The ‘Wilson’ case

This is supporting material for my narrative of the ‘Richard Warman v FreeDominion/internet privacy’ appeal hearing on 8th of April, 2010.

The arguments made during the hearing referenced various cases, rulings and precedents. Since I am not a lawyer, nor trained in law in any way, it helped me understand what was going on when I looked up a few of them.

The ‘Wilson’ case

This may be a distasteful case, but the ruling in it establishes an important principle.

Miles Wilson was accused of possessing child pornography.  The police followed a trail where they found an IP address they believed would lead them to the suspect.  The police officer found out that that IP address was served by the ISP provider Bell Canada, and wrote them a ‘form lettter’ requestisng disclosure of the physical location of this IP address.  Based on this information, the police officer obtained a search warrant for the residence indicated, executed the search and found the evidence the police were seeking to prosecute Mr. Wilson.

An analysis of this case from ‘The Court’:

The fundamental issue before Leitch R.S.J. of the Superior Court of Justice was whether, in accessing the accused’s name and street address from Bell without first obtaining a warrant, police had infringed upon the accused’s reasonable expectation of privacy, contrary to s. 8 of the Charter. Remove the legalese and the issue in Wilson becomes far more dramatic: are Canadians free from unbridled state surveillance of their online activities while in the confines of their homes?

First, in rejecting the accused’s s. 8 claim, Leitch R.S.J. determined that one’s name and address, or that of one’s spouse, falls beyond the inference-resistant “biographical core” threshold of Plant. Second, Letich R.S.J. found that given the fact that names and address are “information available to anyone in a public directory”, they are, in isolation, largely meaningless pieces of information as far as s. 8 is concerned.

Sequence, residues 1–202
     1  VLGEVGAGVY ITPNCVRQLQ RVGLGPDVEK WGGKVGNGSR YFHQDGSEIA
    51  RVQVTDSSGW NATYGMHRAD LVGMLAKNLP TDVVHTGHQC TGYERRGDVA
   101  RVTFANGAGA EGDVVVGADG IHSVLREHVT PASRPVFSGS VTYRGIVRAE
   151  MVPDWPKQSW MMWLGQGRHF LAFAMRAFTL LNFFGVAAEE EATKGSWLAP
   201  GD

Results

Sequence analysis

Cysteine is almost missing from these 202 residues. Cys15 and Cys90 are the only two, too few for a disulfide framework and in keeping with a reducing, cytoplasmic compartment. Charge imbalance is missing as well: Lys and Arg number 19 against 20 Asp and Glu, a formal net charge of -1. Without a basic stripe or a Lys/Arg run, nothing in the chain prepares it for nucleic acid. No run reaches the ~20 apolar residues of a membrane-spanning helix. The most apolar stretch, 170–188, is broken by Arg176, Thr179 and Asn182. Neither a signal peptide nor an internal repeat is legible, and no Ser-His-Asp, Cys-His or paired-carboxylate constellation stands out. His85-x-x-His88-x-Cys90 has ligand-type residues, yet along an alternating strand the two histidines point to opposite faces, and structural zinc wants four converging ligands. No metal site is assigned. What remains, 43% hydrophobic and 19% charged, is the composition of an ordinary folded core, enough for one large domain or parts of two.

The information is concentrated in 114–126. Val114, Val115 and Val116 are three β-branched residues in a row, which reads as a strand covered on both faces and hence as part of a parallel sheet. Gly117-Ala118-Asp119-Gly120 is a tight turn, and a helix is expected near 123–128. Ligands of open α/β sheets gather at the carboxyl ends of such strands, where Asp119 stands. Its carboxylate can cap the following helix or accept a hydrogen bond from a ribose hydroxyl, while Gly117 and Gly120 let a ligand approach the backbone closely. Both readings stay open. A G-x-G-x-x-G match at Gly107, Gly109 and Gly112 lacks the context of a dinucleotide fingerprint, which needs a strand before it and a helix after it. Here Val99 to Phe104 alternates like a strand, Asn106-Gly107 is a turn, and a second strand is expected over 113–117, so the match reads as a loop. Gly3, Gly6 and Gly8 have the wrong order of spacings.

Here, the issue is in the criminal realm, not the civil case we are talking about here.  However, there are aspects of this case which were examined and discussed during the appeal hearing, specifically as related to the IP address, the expectation of privacy and the differences between this case and the one under review.

The ‘York University’ case

This is supporting material for my narrative of the ‘Richard Warman v FreeDominion/internet privacy’ appeal hearing on 8th of April, 2010.

The arguments made during the hearing referenced various cases, rulings and precedents. Since I am not a lawyer, nor trained in law in any way, it helped me understand what was going on when I looked up a few of them.

The York University case

York University v. Bell Canada Enterprises, 2009 CanLII 46447 (ON S.C.)

This is an important case because here, the Norwich order (precedent) was used to obtain information about email accounts from an ISP.

Some people wrote a letter about the president of York University which alleged ‘bad stuff’. York University wanted to find out who sent the email, and sued the internet provides (Bell Canada Enterprises and Rogers Communications) to get the information.  The Norwich order was accepted by the judge (G.R. Strathy J) as applying in this case, as per

The 5 elements identified in this case for granting such an order include:

(i) Whether the applicant has provided evidence sufficient to raise a valid, bona fide or reasonable claim;
(ii) Whether the applicant has established a relationship with the third party from whom the information is sought such that it establishes that the third party is somehow involved in the acts complained of;
(iii) Whether the third party is the only practicable source of the information available;
(iv) Whether the third party can be indemnified for costs to which the third party may be exposed because of the disclosure, some [authorities] refer to the associated expenses of complying with the orders, while others speak of damages; and
(v) Whether the interests of justice favour the obtaining of disclosure.
[emphasis added]

Additionally, a strong case of fraud removes the possibility of a frivolous or vexatious application of the order.